Another option for assessing gut health and measuring levels of SCFAs is the GI 360 test. The GI 360 uses PCR, MALDI-TOF, and microscopy to evaluate the balance of microbes in the gut and assess inflammation. It analyzes the short-chain fatty acids produced by the colonic bacteria with a breakdown of the subtypes of short-chain fatty acids and their relative percentages.  

How to Increase Short-Chain Fatty Acids in Diet

Consuming a wide variety of plant foods and sources of fermentable fiber helps to feed the good bacteria in your gut so that they can produce adequate amounts of SCFAs.

Dietary fibers, including arabinoxylans, inulin, pectin, and fructooligosaccharides, as well as polyphenols found in plant foods and vitamin D, influence the balance of microbes in your gut. A well-balanced, anti-inflammatory diet incorporating a variety of plant-based foods promotes a variety of beneficial bacteria and suppresses potentially detrimental species, which helps to optimize the production of SCFAs.

Plant foods rich in fiber, such as fruits, vegetables, and legumes, provide substrates for your gut bacteria to produce short-chain fatty acids. The amount and types of fiber in your diet impact the balance of bacteria in your gut which affects the levels and types of short-chain fatty acids that are produced.

Some types of cheese, like parmesan, butter, ghee, and cow's milk, also contain small amounts of butyrate.

The best types of fiber to support the production of short-chain fatty acids in the colon include:

  • Arabinoxylans found in cereal grains like wheat bran
  • Inulin fiber found in artichokes, garlic, leeks, onions, wheat, rye, and asparagus
  • Fructooligosaccharides (FOS) in various fruits and vegetables, including bananas, onions, garlic, and asparagus
  • Resistant starch from green bananas, plantains, legumes, and rice or potatoes that have been cooked and then cooled before consumption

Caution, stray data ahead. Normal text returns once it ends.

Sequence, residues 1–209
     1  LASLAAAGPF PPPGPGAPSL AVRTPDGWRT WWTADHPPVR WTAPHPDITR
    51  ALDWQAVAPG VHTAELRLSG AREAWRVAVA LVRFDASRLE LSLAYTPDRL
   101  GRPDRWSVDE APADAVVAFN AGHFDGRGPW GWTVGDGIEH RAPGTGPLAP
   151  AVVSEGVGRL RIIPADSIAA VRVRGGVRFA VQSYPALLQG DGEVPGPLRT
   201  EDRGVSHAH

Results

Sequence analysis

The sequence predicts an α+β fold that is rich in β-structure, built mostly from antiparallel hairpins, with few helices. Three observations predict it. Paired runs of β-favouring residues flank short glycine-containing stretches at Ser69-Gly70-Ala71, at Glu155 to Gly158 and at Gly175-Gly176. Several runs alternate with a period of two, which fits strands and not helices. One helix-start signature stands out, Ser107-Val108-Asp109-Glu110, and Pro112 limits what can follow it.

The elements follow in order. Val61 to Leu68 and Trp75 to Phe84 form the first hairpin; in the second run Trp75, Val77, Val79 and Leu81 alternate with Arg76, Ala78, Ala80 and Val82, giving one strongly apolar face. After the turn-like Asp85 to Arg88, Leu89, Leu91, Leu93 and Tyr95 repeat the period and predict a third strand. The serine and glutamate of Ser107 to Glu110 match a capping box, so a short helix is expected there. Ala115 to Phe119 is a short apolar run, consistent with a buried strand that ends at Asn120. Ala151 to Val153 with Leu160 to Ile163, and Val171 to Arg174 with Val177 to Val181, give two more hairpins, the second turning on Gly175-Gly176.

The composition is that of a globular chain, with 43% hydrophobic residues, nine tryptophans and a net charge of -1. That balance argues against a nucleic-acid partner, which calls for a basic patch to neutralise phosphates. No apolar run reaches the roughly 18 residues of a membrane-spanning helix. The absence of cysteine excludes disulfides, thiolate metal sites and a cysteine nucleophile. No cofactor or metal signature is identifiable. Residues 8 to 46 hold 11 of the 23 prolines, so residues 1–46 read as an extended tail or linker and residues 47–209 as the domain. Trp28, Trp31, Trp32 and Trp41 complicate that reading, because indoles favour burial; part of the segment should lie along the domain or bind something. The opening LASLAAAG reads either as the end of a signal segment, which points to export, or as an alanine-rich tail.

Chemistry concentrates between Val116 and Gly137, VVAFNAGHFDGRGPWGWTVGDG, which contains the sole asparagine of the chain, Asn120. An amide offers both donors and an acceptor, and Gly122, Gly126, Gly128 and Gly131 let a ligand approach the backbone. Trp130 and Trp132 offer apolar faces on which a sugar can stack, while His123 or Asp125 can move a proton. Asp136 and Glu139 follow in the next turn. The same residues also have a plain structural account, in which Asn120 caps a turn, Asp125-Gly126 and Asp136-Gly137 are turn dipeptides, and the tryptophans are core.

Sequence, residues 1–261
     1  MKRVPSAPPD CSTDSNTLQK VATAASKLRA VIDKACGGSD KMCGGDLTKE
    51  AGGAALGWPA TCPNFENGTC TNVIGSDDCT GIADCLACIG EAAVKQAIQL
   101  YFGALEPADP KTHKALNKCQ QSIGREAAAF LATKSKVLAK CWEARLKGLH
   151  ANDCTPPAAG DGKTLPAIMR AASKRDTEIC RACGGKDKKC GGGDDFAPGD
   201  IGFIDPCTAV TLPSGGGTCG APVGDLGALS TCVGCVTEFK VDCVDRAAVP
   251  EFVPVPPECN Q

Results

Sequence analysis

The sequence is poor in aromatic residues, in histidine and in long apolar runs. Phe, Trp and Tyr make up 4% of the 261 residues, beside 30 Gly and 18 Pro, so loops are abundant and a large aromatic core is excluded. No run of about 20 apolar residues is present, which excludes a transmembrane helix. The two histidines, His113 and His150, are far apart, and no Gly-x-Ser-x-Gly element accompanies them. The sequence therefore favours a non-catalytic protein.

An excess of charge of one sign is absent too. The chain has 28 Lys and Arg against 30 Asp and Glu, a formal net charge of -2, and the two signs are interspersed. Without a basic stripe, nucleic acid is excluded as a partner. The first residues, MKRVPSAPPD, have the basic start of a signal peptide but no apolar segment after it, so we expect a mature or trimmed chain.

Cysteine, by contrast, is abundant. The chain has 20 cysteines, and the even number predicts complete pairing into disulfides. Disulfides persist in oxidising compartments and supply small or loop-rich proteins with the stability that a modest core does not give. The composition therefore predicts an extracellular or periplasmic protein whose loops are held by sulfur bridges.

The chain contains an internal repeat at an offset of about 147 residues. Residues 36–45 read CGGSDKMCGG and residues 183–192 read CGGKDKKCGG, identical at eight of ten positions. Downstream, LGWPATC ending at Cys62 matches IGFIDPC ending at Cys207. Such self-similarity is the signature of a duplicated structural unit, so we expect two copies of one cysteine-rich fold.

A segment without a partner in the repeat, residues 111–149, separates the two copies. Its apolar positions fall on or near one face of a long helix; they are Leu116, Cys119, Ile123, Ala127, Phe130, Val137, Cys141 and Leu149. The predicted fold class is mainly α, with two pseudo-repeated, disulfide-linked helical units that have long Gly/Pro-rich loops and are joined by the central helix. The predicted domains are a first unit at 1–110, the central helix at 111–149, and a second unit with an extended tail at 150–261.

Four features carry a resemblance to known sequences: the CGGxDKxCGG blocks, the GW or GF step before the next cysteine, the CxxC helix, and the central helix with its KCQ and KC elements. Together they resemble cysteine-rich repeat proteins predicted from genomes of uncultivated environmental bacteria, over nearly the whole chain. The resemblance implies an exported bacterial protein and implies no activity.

• Pectin in apples, apricots, carrots, and oranges


The balance of bacteria in your gut microbiome has wide-reaching impacts on health. One reason for this impact is their production of short-chain fatty acids. These small fatty acids are produced by beneficial bacteria in the large intestine when they break down and ferment fiber and resistant starch.

The most common SCFAs are acetate, butyrate, and propionate, which play essential roles in balancing health. They provide many digestive benefits and serve as the primary fuel source of the cells that line the intestine to help keep them healthy and prevent leaky gut. SCFAs help regulate the pH of the digestive tract and maintain a balance of healthy microbes in the gut microbiome. These impacts help reduce the symptoms of digestive conditions like inflammatory bowel disease and irritable bowel syndrome.

SCFAs also balance inflammation throughout the body, supporting metabolism and regulating appetite, blood sugar, and fat processing. These impacts can help with maintaining a healthy weight and preventing type 2 diabetes.

A diet rich in various high-fiber plant-based foods supports a balanced microbiome that can produce adequate amounts of SCFAs. High-fiber foods include beans, legumes, green bananas, avocados, asparagus, apples, oats, and citrus fruits.

The information provided is not intended to be a substitute for professional medical advice. Always consult with your doctor or other qualified healthcare provider before taking any dietary supplement or making any changes to your diet or exercise routine.